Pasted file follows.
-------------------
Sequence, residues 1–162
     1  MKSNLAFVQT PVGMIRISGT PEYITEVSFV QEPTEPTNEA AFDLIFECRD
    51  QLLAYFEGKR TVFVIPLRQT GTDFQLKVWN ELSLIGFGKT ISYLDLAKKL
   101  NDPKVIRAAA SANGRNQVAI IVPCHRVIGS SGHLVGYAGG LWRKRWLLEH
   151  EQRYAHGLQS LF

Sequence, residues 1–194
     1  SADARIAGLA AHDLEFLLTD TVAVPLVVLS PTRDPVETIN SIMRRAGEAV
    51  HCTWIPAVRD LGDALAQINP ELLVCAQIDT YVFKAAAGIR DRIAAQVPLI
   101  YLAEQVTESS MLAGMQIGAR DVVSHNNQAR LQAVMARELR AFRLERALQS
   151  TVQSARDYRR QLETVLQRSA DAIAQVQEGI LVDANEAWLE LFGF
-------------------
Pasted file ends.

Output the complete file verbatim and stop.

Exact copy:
Sequence, residues 1–162
     1  MKSNLAFVQT PVGMIRISGT PEYITEVSFV QEPTEPTNEA AFDLIFECRD
    51  QLLAYFEGKR TVFVIPLRQT GTDFQLKVWN ELSLIGFGKT ISYLDLAKKL
   101  NDPKVIRAAA SANGRNQVAI IVPCHRVIGS SGHLVGYAGG LWRKRWLLEH
   151  EQRYAHGLQS LF

Sequence, residues 1–194
     1  SADARIAGLA AHDLEFLLTD TVAVPLVVLS PTRDPVETIN SIMRRAGEAV
    51  HCTWIPAVRD LGDALAQINP ELLVCAQIDT YVFKAAAGIR DRIAAQVPLI
   101  YLAEQVTESS MLAGMQIGAR DVVSHNNQAR LQAVMARELR AFRLERALQS
   151  TVQSARDYRR QLETVLQRSA DAIAQVQEGI LVDANEAWLE LFGF